Although the Mekong Delta was “a bright spot” in the initial stage of FDI attraction, it has now been in low profile with Can Tho city lagging behind Long An and Tien Giang provinces.
In 2010, Can Tho was placed 29th out of 63 provinces and cities in term of FDI attraction, accounting for US$641 million or just 0.4 percent of the country’s total figure – too small to compete with Da Nang (US$2.97 billion) and Hai Phong (US$5.1 billion).
The 2012 Provincial Competitiveness Index (PCI) showed the city made certain prospects by jumping to the 14thfrom 38th position in 2011, but the capacity for connecting Can Tho to other provinces in the region and to major centres in the country is limited.
The reason, cited by Dr Tran Sinh, former director of the Southern Economic Research Centre is that foreign investors always place profits above everything and only prefer to invest in the most convenient place. Listed in order of priority are HCM City, Binh Duong, Long An and Tien Giang. In my opinion, Can Tho city should develop hi-tech to attract FDI.
A “golden” opportunity lost
While the south-eastern provinces and HCM City – the country’s largest economic hub, have increased their investment in upgrading transport infrastructure. Mekong Delta provinces and cities are just focused on improving the rural transport system instead of making it accessible by modern means of transport like containers.
Although the Mekong Delta region has Can Tho and Phu Quoc international airports and a system of sea ports, large cargo vessels still find it difficult to drop anchor. So, most of goods have been transported by road, leading to price hikes.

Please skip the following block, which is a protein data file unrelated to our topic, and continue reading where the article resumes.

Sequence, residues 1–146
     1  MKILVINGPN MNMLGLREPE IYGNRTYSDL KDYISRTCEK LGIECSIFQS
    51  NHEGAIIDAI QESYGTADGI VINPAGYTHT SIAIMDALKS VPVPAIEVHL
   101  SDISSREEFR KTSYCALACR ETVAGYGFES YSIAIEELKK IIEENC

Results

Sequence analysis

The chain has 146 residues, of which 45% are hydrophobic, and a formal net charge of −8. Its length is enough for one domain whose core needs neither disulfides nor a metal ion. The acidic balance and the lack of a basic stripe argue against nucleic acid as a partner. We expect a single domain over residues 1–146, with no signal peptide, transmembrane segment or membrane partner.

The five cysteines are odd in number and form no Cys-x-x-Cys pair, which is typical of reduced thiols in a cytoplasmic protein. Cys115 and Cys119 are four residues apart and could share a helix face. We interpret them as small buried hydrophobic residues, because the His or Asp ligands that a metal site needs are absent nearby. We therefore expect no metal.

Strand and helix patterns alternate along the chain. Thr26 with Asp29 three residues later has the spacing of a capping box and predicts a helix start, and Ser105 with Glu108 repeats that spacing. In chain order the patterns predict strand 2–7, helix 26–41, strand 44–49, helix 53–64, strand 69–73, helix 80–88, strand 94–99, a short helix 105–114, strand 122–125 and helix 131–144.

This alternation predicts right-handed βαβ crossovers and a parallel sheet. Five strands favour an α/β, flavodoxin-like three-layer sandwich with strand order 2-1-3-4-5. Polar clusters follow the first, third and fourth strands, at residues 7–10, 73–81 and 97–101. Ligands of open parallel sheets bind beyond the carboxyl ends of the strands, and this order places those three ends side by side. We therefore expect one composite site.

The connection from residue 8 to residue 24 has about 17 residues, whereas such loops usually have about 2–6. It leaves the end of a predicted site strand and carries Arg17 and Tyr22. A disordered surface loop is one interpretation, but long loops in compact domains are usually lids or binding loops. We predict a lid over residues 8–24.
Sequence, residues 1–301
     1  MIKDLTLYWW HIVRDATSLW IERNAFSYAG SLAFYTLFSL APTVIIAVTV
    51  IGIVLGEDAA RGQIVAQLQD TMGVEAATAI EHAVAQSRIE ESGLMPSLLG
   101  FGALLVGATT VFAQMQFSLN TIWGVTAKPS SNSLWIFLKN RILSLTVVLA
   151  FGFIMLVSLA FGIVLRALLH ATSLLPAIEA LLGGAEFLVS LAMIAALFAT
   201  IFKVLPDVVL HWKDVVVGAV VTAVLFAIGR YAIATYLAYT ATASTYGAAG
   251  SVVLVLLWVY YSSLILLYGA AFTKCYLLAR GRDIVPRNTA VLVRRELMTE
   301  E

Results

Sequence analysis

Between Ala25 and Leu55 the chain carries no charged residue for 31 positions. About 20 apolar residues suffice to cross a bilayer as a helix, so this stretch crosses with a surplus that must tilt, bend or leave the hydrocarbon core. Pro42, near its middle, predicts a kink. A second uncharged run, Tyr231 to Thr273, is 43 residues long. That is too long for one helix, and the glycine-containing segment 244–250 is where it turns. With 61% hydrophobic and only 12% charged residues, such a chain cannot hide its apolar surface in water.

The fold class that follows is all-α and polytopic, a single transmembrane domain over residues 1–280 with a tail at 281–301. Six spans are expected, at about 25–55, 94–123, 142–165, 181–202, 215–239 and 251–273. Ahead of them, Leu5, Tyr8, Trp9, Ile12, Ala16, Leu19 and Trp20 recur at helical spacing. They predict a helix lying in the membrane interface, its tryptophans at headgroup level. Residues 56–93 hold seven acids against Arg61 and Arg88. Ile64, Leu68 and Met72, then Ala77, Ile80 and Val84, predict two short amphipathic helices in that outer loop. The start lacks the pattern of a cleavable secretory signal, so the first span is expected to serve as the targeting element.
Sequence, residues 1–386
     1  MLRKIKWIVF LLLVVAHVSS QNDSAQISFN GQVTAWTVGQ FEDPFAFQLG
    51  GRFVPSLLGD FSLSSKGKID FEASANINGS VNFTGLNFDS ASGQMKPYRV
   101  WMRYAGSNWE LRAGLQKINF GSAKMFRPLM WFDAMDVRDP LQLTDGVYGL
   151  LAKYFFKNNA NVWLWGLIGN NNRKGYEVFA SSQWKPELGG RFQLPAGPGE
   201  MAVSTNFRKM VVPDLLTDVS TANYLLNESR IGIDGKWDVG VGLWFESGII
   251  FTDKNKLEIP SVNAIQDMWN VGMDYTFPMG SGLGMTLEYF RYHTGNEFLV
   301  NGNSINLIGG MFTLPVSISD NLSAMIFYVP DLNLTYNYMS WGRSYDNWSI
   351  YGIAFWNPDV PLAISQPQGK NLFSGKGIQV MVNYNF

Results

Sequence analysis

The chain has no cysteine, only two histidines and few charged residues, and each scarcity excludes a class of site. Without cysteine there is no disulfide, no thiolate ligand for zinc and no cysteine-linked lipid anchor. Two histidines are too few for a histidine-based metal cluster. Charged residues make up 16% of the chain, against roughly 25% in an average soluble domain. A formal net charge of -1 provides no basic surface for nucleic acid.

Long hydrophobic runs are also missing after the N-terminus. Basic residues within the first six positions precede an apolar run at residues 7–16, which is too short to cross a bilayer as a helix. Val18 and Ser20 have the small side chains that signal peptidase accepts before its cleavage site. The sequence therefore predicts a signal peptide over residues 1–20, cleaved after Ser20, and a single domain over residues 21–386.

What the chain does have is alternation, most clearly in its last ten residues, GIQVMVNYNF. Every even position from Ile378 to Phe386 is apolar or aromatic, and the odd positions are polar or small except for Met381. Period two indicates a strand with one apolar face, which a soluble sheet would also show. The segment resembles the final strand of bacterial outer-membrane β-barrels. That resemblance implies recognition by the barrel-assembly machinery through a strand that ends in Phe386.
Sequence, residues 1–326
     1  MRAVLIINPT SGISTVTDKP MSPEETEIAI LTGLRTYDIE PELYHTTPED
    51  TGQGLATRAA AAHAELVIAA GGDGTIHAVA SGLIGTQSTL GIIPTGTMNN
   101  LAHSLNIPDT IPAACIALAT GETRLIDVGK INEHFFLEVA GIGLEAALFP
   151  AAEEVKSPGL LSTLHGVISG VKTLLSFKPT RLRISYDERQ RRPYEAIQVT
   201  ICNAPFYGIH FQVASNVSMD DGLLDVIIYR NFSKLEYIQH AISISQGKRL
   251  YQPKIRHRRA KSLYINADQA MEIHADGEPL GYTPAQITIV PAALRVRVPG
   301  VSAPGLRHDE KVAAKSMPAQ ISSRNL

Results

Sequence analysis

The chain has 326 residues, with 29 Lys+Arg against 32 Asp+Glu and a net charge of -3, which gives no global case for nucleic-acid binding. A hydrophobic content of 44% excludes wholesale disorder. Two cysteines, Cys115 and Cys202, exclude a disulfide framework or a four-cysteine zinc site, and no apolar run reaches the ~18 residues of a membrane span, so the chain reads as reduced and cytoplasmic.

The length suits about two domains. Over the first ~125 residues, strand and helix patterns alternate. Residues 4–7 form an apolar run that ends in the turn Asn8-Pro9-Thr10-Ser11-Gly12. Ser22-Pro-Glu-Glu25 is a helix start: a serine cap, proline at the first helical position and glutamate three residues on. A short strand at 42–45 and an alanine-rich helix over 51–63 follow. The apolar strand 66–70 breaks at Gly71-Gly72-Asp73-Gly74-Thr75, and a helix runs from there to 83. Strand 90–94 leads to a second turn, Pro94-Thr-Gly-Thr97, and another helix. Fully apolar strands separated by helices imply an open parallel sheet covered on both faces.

Even with many zoning plans afoot, the Mekong Delta lacks a concrete strategy for attracting FDI in the long term, not to mention unhealthy competition in certain localities.
In 2012, Vietnam attracted US$8.6 billion in FDI, more than half from Japan. In the seven months of this year, Japan continued topping the list of foreign investors, but only a few Japanese businesses are keen to invest in the Mekong Delta despite its great potential for commodity trading. Against this backdrop, it requires local authorities to upgrade transport infrastructure to attract FDI in the first place. Logistics costs in Vietnam make up 25 per cent of GDP, even higher in the Mekong delta while they are only 10 percent in Japan.
Yasuzumi Hirotaka, Executive Director of JETRO in HCM City, said that space rental in industrial parks in Dong Nai province, and HCM City now ranges from US$60-100 per square metre. The open questions is whether to provide preferential treatment for foreign investors or just simplify customs formalities and reduce labour and transport costs. He proposed developing industrial parks at a space rental price of US$30 per square metre.
Lack of dynamism and proper investment is a stumbling block to developments in the Mekong Delta, and it requires local authorities to make greater strides in tackling this issue.